Young Investor Raises 60K to Combat Domestic Violence before Graduating High School
When 16-year-old Nick Jaeger first started lending a hand at a local agency for domestic abuse survivors, he found himself painting walls and doing renovation work to fulfill a school requirement. Two years later, he’s created an investment fund worth $60,000 for their cause.
To satisfy a requirement for his theology class at Woodside Priory High School in his freshman year, Jaeger volunteered for Community Overcoming Relationship Abuse (CORA) in San Mateo and spent his free time restoring one of the organization’s shelters. For Jaeger, being involved in the CORA community made him more aware of his own “privileged status,” prompting him to do something “more powerful than painting walls and moving furniture.”
“I’ve been so lucky in my life. The relationships I’ve had are all positive, and I have a family I can trust,” said Jaeger. “Domestic violence makes it so that you can’t have these relationships….relationships I’ve taken for granted.”
He decided to take action by utilizing the investment lessons he received at a young age from his grandfather–that paired with financial contributions from family and other donors brought the investment fund dedicated to supporting CORA to fruition.
Last Friday, Breakthrough, a global nonprofit combating violence and discrimination against women, honored Jaeger with a Changemaker Inspiration Award, which he accepted at a gala event at the Pierre Hotel in New York City.
“The Changemaker Inspiration Award honors young women and young men who are taking action in their own communities, who are bringing their own skills and interests and assets and saying, ‘How can I help with what I’ve already got?’” said Lynn Harris, vice president for communications at Breakthrough. “And that’s really who Nick is.”
Jaeger’s grandfather began teaching him about the stock market when he was 12, and he received an E-Trade account as a 13th birthday gift. Since then, Jaeger has interned with three hedge funds, under Richard Lin, Robbie Kaza and Bill Fleckenstein, all of whom he says have shaped his investment strategies. He takes a conservative approach to investment with the CORA fund money, mostly investing in blue chip stocks, as well as some quality smaller stocks. His investment strategy is largely inspired by (who else?) Warren Buffett.
In addition to his investing, Jaeger has been raising awareness at school for CORA’s cause. He arranged a week of domestic violence awareness at Woodside Priory for this month. Jaeger will deliver a speech to a school assembly on the importance of allies (a word he borrowed from the LGBTQ community) in combating domestic abuse, in addition to organizing a display of art created by domestic violence survivors.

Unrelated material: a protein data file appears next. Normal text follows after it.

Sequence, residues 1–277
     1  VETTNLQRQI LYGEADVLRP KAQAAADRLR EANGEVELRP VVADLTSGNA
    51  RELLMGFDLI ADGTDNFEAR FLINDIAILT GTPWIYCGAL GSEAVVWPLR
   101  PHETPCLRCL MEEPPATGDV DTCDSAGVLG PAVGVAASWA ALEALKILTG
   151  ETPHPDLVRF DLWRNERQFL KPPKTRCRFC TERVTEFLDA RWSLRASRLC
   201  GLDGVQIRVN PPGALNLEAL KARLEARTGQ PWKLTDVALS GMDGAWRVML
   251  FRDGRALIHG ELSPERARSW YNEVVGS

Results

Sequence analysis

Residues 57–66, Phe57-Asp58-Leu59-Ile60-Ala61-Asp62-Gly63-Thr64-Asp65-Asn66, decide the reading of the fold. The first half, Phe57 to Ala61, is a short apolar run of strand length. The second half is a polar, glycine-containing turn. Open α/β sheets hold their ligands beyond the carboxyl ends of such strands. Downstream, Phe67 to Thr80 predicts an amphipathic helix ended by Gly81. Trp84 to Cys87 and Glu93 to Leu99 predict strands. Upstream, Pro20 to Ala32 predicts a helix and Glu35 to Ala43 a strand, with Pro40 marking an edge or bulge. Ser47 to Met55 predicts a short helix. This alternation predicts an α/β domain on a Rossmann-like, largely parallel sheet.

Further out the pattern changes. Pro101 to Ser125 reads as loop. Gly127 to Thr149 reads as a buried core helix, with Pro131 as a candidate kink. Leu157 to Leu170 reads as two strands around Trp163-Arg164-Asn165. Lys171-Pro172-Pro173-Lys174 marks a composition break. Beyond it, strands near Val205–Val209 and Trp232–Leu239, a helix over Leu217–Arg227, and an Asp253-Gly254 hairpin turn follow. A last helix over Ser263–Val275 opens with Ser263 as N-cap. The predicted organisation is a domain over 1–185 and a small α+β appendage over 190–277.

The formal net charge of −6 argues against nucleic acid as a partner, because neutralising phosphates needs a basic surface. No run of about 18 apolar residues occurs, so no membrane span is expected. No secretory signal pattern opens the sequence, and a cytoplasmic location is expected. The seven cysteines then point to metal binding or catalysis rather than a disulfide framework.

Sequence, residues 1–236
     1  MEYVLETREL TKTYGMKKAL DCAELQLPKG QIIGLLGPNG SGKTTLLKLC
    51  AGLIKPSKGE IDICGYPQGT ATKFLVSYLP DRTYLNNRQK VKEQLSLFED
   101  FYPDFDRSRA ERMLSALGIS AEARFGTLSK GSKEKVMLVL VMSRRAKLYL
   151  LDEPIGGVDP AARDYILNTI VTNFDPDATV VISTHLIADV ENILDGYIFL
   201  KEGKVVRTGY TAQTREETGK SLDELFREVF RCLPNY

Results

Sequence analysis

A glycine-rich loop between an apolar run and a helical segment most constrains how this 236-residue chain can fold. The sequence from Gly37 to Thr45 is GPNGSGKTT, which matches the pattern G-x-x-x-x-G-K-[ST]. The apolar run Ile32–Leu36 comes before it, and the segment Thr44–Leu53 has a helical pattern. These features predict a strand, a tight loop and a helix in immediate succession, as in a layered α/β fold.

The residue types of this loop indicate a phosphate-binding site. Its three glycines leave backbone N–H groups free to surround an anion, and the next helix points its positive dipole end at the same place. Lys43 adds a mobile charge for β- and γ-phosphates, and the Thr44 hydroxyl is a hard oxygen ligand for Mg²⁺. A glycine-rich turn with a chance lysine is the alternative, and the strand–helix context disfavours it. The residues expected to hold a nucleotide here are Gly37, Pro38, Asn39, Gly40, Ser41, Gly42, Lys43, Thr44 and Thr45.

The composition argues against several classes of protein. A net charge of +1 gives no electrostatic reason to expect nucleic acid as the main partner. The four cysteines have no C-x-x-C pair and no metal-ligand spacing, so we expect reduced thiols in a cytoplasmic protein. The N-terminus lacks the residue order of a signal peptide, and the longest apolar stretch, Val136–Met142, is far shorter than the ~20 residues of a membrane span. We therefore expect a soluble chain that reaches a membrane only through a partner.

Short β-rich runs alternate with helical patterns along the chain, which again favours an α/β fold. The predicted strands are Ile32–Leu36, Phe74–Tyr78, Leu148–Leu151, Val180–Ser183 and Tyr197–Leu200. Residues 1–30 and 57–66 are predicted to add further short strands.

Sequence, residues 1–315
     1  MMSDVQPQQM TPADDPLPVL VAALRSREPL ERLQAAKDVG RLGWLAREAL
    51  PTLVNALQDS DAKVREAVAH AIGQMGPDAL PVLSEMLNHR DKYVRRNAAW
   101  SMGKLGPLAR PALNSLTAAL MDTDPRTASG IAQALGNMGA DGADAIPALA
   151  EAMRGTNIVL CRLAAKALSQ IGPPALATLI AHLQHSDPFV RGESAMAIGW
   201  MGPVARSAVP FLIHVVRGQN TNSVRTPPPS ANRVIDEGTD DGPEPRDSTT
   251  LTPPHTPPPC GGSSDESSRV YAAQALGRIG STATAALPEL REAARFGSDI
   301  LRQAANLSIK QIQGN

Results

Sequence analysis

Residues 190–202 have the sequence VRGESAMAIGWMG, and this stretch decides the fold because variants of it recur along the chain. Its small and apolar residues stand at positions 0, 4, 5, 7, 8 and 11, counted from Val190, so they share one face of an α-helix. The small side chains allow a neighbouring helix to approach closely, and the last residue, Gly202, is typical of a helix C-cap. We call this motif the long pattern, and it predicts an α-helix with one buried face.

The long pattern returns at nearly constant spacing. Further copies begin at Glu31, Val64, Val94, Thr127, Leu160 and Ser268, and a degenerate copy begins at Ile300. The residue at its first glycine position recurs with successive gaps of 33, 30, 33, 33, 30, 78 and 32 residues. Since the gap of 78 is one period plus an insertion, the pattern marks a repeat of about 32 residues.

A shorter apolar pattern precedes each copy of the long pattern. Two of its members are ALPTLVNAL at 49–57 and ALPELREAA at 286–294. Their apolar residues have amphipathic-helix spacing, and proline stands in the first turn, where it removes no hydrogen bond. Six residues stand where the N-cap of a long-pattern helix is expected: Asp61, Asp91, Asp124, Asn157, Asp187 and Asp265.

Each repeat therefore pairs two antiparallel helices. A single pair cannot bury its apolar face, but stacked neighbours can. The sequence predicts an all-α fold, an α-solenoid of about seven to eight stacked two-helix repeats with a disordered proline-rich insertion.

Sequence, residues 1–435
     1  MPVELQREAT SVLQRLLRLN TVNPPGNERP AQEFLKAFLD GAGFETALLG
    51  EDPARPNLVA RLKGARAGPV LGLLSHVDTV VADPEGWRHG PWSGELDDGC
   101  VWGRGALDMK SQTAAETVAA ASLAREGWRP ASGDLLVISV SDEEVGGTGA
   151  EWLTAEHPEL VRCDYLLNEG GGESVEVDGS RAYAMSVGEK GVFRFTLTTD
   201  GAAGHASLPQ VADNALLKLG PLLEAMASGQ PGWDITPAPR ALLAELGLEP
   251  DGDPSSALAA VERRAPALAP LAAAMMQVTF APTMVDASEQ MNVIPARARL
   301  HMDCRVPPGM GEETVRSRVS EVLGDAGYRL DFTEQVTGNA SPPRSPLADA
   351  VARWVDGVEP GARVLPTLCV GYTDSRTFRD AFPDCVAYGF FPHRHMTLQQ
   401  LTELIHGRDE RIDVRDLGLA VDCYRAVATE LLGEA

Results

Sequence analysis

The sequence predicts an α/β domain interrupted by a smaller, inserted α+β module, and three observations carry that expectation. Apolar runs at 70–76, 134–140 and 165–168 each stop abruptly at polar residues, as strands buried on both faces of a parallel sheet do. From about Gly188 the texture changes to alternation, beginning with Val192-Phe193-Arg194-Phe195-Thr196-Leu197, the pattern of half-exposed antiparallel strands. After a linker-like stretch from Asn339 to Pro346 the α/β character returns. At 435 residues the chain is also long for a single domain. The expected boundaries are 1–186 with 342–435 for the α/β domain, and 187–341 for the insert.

“I’m big on the art because I think it’s a really powerful way to express something that’s difficult to express with words,” said Jaeger.
In her opening remarks at the awards ceremony, Breakthrough founder and president Mallika Dutt outlined three values she believes can make violence toward women unacceptable: compassion, courage and accountability. Jaeger’s work, she said, embodies compassion.
“Nick Jaeger deeply values the safety and security he has in his home and his family,” said Dutt. “How bizarre is it that this young man who comes from incredible wealth, incredible resources, makes it his life goal to fight violence against women?” She commended Jaeger for taking a stand to make domestic violence his business, and encouraged more people to follow his example.
“The largest human pandemic on this planet is discrimination against women and girls,” said Dutt.
Two other honorees received Breakthrough Inspiration Awards on Friday. Tabbu Afroz, an 18-year-old from the village of Chota Muri in Ranchi, Jharkhand also received a Breakthrough Changemaker Inspiration Award for her work advocating against early marriage in her community. Ajay Banga, president and CEO of MasterCard, one of the event’s sponsors, received the Breakthrough Corporate Inspiration Award.
Breakthrough is a non profit based in New York and India, which aims to prevent violence toward women by changing cultural norms that condone it. Breakthrough seeks to advance its mission by inspiring what it calls the “Breakthrough Generation,” a critical mass of change advocates. The organization hosts workshops domestically and abroad, leads social media campaigns and distributes a toolkit to help activists start their own campaigns, and won a $125,000 in funding in a prize from the Lipman Family Prize at the Wharton School of the University of Pennsylvania.
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